Yes, technically we are no longer in Easter Season but for believers, it is Easter every day. Listen all the way through – it only gets better and better!
“Since we are surrounded by so great a cloud of witnesses, let us rid ourselves of every burden and sin that clings to us and persevere in running the race that lies before us while keeping our eyes fixed on Jesus, the leader and perfecter of faith.” (Hebrews 12:1-2)
As I indicated in my last post, part of my repentance for the sins of racism, my own and that of my people, is to learn more about Black Catholic saints and to pray for their intercession. I will share here some of what I learn, providing links to full stories when possible. (Rather than posting many new posts, I will edit this article to add new saints as I discover them – so please come back to check them out!)
A cloud of witnesses
6.2.2020 Today, I learned about St. Benedict the African who was born to parents who were slaves, captured in Africa and brought to Italy. Despite being a Black man in 16th century Italy, uneducated and illiterate, he became a Franciscan, occupying roles ranging from cook to Master of the Friary. His story may be found here.
St. Benedict of Africa, please pray for us that we might develop the humility to seek and find holiness in every person we encounter. May we come to cherish the great gifts God has given the Church through the people of Africa. Amen.
6.3.2020 Today is the feast day of St. Charles Lwanga and companions, a group of 19th century young African men who were martyred in what is now Uganda. Charles was but 26 when he was burned alive at the order of the king of his country. He had been baptized less than a year earlier and yet protected other young men aspiring to the Faith from the ritual sexual abuse the king wanted to inflict on them. (I have chosen to direct you to Wikipedia for his story. Sadly, too many Catholic sites make it sound like Charles was protecting their “chastity” which I think is misleading.) His story may be found here.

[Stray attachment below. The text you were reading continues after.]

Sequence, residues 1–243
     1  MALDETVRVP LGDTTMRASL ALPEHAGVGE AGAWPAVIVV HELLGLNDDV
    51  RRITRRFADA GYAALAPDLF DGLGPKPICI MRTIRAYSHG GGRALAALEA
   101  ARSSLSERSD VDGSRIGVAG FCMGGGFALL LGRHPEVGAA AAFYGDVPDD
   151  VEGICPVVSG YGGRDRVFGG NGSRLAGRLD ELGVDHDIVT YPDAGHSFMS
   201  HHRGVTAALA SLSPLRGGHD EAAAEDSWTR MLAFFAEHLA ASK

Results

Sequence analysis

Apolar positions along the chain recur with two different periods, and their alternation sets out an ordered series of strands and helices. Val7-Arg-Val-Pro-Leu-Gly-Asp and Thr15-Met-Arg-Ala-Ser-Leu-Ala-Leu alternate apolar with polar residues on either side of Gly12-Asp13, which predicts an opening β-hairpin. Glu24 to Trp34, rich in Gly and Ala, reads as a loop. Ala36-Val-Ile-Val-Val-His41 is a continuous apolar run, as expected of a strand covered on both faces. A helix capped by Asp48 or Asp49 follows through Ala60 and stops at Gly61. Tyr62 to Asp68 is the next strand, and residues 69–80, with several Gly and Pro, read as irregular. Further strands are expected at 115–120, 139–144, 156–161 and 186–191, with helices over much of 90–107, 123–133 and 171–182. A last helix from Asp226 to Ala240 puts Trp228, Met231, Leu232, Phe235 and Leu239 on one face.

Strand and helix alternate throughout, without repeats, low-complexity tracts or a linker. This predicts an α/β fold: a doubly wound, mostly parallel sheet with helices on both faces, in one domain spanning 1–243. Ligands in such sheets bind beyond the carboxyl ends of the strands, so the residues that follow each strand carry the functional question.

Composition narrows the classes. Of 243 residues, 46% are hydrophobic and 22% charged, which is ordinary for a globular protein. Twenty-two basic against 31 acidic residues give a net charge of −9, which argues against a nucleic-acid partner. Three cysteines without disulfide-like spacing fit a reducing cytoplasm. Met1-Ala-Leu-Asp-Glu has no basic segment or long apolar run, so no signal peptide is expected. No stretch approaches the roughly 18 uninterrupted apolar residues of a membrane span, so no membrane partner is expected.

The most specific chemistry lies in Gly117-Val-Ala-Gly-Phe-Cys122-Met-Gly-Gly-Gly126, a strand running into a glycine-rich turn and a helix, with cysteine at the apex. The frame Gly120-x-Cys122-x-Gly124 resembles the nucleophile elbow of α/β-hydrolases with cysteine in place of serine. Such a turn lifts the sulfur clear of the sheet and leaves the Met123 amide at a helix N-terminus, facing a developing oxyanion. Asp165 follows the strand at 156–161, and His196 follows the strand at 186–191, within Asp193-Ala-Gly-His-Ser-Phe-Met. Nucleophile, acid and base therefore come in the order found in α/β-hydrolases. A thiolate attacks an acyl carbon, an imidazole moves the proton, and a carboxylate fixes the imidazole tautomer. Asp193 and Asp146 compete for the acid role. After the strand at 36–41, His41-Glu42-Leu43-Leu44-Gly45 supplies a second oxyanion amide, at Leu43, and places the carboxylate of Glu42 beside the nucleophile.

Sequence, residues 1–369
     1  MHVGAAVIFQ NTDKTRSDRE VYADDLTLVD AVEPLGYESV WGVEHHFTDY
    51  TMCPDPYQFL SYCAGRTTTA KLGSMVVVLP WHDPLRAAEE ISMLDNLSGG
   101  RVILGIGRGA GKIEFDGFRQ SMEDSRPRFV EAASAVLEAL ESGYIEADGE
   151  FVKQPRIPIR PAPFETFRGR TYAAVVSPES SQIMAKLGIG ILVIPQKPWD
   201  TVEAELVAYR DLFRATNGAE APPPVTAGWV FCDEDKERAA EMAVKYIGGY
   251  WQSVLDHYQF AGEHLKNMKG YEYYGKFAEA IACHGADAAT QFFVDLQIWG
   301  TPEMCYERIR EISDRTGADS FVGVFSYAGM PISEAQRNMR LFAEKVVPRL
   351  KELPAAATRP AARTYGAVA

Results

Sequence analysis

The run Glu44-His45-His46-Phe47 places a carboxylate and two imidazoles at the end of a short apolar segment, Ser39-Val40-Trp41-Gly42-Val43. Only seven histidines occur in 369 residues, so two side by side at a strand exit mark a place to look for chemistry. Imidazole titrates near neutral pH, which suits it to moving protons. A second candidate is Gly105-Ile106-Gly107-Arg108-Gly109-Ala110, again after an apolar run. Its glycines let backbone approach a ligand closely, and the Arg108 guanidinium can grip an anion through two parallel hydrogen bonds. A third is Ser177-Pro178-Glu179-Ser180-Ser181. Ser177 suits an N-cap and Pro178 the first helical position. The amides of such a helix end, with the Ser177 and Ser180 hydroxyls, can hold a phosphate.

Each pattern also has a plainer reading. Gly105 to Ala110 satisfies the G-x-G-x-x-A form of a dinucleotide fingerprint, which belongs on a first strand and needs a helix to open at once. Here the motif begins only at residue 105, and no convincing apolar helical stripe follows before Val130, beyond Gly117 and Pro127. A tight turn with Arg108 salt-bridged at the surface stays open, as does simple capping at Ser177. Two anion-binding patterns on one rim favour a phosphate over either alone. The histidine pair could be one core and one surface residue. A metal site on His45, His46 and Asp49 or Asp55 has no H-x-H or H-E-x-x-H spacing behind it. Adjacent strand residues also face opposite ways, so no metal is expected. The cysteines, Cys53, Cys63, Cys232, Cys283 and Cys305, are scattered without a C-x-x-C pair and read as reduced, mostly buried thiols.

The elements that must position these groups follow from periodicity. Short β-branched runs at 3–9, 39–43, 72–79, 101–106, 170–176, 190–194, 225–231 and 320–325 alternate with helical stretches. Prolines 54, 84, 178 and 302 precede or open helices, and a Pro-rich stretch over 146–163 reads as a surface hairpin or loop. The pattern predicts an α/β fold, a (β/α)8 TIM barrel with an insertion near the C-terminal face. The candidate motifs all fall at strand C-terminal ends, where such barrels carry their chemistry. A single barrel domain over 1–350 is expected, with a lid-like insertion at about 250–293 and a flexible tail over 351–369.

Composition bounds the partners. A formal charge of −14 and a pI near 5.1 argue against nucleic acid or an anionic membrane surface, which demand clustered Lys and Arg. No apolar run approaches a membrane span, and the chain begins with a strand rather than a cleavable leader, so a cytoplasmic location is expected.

Pray for us, O holy Martyrs of Africa, led by Charles Lwanga, that we might have the courage to stand up for what is right and to protect the vulnerable from mistreatment, regardless of the cost to ourselves. You freely followed the way of our Savior in sacrificing yourself out of love for God and your brothers. May we learn from you what it truly means to be a Christian, a follower of Christ. Amen.
6.10.2020 I am currently reading a biography of St. Josephine Bakhita, patron saint of Sudan and survivors of human trafficking. She was born in Darfur around 1869 and was kidnapped by Arab slave traders when still a very young child. She experienced great cruelty at the hands of a number of owners and was forcibly converted to Islam. She no longer knew her own given name or native language. She ended up in Italy and, while “temporarily” staying with the Canossian Sisters, she learned of Christianity, embracing the faith and later becoming a member of their community. Those who knew her withnessed her holiness and she was known for her gentleness and calm demeanor. More details of her story may be found here
St. Bakhita, pray for us that we might learn the way of peace, never losing faith in the midst of hardship. Strengthen our resolve to eliminate all that enslaves our brothers and sisters throughout the world, as well as all that enslaves us from within. May our lives reflect the peace that can only come from God. Amen.
Black lives matter.